Good question. Personally, if I knew I had Hashi’s, my thyroid labs were evened out for now, and I had a good understanding of how Hashi’s works, yet I had the anxiety etc., I’d go to the brain book first. And pay serious attention to the dietary recommendations and blood sugar balancing. However, I’d get back to the thyroid book as soon as possible. Also, many libraries have copies of both (esp the thyroid book, as it’s been around longer), and one can borrow via interlibrary loan in some areas. Best of both worlds.

      I’d also recommend seeking a healthcare practitioner trained in Functional Medicine to help deepen my understanding of what lies beneath my symptoms. Here are some search options:

      Dr. Kharrazian’s referral page: (; though the list is housed on his thyroid site, those practitioners are highly trained in all his protocols.

      You might also try the practitioner locator on the IFM page ( or the IAFNR page (

  • Thyroid Advisor March 7, 2018 at 5:55 pm

    It’s very interesting and helpful that you included that study on how Hashimoto’s affects brain health. Brain fog is not an uncommon symptom with thyroid disorders. I’ve had many patients ask me about that. Having another study to reference them to, will be a great benefit.

  • DJ January 17, 2019 at 7:33 pm

    Any doctor recommendations in New York – been diagnose with Hashimoto for 15yrs. Struggle every day and no endo doc would believe that I’m a healthy eater and exercise to try and keep weight in check but I’m still 50lbs overweight and struggling. Would love to find a holistic doc. Thanks.

  • Andre May 15, 2020 at 6:32 pm

    Why do people say that once you are on thyroid meds, you will be on it for life? Doesn’t make sense if your diet and exercise makes it better

    • Susan June 28, 2020 at 12:19 am

      Some patients can come off or reduce meds with the right protocols, if enough of the thyroid gland is still intact and functions properly. However the autoimmune attack on the thyroid destroys tissue that does not re-grow. Once enough tissue is destroyed, supplementation is the only way to get enough thyroid hormone in the body for all your cells to have enough to function properly. For some folks, once you go on hormone replacement, the gland is already destroyed enough that it can’t make enough hormone on its own.

  • violet June 14, 2020 at 6:29 pm

    Why is it that I never seen Dr Kharrazian talk about the linkage between hashimoto and shortness of breath and insomia ? I used his suggested practitioner in my area (seattle) and many naturopathic doctors and still haven’t discovered my root cause. I have bought his book as well. Any suggestions if i am able to book an appointment with him ?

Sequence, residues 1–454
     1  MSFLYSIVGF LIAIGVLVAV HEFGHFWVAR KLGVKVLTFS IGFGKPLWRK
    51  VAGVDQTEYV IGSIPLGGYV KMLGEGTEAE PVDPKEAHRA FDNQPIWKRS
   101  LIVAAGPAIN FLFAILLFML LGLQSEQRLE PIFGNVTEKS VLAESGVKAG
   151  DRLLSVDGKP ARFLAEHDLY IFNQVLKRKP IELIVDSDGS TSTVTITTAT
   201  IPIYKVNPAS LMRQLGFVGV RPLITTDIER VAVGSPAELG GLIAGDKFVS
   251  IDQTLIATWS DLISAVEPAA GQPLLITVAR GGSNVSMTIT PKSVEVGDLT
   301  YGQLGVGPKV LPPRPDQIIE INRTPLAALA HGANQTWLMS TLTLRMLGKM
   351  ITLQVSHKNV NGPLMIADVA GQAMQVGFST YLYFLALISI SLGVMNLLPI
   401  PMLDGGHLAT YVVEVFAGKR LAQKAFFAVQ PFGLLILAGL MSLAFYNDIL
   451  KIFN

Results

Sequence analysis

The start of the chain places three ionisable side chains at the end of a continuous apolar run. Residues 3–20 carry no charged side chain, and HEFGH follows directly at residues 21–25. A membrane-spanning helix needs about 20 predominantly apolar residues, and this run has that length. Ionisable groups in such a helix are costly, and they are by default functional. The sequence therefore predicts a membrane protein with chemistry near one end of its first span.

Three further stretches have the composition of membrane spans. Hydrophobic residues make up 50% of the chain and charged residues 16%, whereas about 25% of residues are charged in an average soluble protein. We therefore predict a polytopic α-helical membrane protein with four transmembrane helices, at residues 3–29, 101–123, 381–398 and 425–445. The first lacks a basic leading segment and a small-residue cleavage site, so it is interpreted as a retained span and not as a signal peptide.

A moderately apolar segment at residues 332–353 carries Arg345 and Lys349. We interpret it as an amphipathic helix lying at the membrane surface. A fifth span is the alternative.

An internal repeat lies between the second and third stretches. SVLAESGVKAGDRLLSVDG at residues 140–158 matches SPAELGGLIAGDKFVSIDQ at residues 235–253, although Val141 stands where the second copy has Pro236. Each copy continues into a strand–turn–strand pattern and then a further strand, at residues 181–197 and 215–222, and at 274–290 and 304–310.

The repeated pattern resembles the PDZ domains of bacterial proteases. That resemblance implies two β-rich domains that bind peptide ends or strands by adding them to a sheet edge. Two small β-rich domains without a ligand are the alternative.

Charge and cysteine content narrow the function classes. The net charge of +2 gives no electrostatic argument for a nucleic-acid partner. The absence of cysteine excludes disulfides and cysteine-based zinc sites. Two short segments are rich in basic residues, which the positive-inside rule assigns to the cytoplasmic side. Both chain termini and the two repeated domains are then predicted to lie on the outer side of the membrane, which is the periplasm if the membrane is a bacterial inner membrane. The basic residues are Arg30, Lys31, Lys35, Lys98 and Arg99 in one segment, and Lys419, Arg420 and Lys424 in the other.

• Susan June 28, 2020 at 12:31 am

      Hi Violet,

      I’ve heard him talk quite frequently about insomnia in relation to autoimmunity and its driving factors. It’s a big issue for a lot of folks, and can have a variety of causes such as blood sugar imbalances and hormone imbalances.

      I’ve heard him mention air hunger, but I’m not sure if that is the shortness of breath you refer to.

      Sadly, many patients have to cycle through quite a few practitioners before they can find one who works for them. A naturopath is not necessarily trained in the functional medicine protocols Dr. Kharrazian uses and teaches. He has a new practitioner list on his Kharrazian Institute website here:

      Due to the pandemic, he stopped seeing patients in person and is not taking any new applications in 2020. Once the clinic opens again, the list of apps that were already approved in late 2019 will take the clinic schedule out somewhere between 1 and 3 years. The best you can do is keep an eye on the application portal on his website here:

  • Ines July 2, 2020 at 11:30 am

    Pourriez-vous me recommander un médecin en Suisse svp?
    Merci d’avance pour votre réponse

  • Susan (admin) July 4, 2020 at 7:25 pm

    Hello Ines,

    Dr. Kharrazian doesn’t have specific referrals for outside the US, but you might find someone on the Kharrazian Institute practitioner list here:

    To be on the list, one must have successfully completed all the available Kharrazian Institute courses. NOTE: The list will be updated mid-July to reflect who completed the recent Hashimoto’s course.

  • Melynda W April 14, 2021 at 8:58 pm

    Seems organic wine is on the list still…what else to eat with that? Grains are everywhere!!